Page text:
As of Sept. 1 2021, it will be a felony in Texas to pay for sexual services of any sort. The bill, titled House Bill 1540, passed unanimously on Thursday and was signed into law by Republican Governor Greg Abbott.
Sandra Guerra Thompson, the director of the Criminal Justice Institute at the University of Houston Law School, summarized the rationale behind the new law.
"This law is a rethinking of the traditional supply side in prosecutions that tended to target the women who were involved in these activities and not the buyers. It's also coming from a growing awareness that oftentimes, those involved are from a vulnerable class," Thompson said, according to The Hill.
The law appears to be modeled on what has previously been dubbed the Nordic model, which was first implemented in Sweden. Under this model, sex workers are not criminally liable, but their customers are.
The debate continues to rage worldwide over what the legal status of sex work should be.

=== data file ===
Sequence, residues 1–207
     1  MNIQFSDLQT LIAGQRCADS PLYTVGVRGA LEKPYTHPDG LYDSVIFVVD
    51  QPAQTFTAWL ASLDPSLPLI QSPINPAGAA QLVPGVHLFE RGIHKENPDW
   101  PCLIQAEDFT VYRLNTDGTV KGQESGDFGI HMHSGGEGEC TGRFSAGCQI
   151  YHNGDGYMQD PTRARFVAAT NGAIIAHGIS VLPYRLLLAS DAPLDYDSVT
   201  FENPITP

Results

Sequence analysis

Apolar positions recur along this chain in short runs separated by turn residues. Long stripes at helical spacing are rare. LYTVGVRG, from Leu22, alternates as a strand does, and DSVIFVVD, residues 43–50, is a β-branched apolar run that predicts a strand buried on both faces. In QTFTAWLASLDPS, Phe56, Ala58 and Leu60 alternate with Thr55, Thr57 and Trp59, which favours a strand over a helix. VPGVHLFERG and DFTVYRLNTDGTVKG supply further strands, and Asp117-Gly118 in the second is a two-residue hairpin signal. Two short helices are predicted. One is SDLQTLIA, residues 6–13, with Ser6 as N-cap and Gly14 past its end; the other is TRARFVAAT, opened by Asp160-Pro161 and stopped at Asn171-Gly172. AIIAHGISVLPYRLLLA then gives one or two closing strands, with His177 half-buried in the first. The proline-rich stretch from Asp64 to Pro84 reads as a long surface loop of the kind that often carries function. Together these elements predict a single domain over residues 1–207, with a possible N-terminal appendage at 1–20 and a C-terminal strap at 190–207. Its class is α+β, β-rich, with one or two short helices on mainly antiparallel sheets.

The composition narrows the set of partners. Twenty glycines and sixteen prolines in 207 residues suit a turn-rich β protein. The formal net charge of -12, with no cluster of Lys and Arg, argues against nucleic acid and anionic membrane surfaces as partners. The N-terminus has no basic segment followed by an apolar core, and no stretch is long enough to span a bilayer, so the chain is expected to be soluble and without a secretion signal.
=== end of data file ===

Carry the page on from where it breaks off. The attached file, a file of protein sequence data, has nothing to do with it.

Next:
Kathleen Kim of Loyola Marymount University Law School strongly disagreed with the new Texas measure, saying, "Putting individual 'johns' in jail will do absolutely nothing for victims of trafficking."
"In fact, it harms them because evidence demonstrates that the more resources that go into law enforcement approach, the more that victims lose because resources that ought to be going towards things like victim benefits, social services support, and legal advocacy, is still unavailable and maybe even diminished because more resources are going toward a dominant criminal enforcement approach."
Other cities like New York have taken a more laissez-faire approach to sex work, effectively decriminalizing the act of paying for sex and selling it. This appears to have led to a large increase in prostitution-related activity in that city.